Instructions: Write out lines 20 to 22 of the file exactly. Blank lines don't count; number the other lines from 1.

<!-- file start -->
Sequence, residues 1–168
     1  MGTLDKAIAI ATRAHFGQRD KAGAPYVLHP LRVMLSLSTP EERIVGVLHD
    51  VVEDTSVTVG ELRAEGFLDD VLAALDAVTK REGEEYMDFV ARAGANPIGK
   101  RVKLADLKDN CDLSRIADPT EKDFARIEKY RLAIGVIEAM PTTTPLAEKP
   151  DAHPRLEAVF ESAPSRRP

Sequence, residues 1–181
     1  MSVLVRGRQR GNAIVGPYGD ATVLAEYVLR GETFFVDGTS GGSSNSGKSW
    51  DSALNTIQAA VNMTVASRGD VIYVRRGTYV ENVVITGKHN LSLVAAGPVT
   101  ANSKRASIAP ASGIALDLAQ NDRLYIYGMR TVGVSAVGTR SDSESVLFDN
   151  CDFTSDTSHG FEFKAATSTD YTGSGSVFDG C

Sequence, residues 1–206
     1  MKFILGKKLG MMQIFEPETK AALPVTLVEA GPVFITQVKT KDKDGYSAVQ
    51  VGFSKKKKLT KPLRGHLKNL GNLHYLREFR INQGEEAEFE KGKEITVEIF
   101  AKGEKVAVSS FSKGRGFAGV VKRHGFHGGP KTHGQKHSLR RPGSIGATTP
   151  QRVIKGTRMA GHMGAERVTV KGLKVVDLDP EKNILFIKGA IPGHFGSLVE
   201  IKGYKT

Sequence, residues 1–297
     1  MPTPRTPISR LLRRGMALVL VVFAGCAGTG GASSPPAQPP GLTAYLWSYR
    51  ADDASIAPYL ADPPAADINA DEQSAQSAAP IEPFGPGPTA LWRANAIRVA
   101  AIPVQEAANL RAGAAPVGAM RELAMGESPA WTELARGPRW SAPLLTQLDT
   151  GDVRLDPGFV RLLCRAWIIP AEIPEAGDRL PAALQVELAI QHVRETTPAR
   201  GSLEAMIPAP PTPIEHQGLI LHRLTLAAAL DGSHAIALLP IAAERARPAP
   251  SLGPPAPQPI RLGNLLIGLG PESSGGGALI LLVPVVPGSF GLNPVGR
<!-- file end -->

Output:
   101  AIPVQEAANL RAGAAPVGAM RELAMGESPA WTELARGPRW SAPLLTQLDT
   151  GDVRLDPGFV RLLCRAWIIP AEIPEAGDRL PAALQVELAI QHVRETTPAR
   201  GSLEAMIPAP PTPIEHQGLI LHRLTLAAAL DGSHAIALLP IAAERARPAP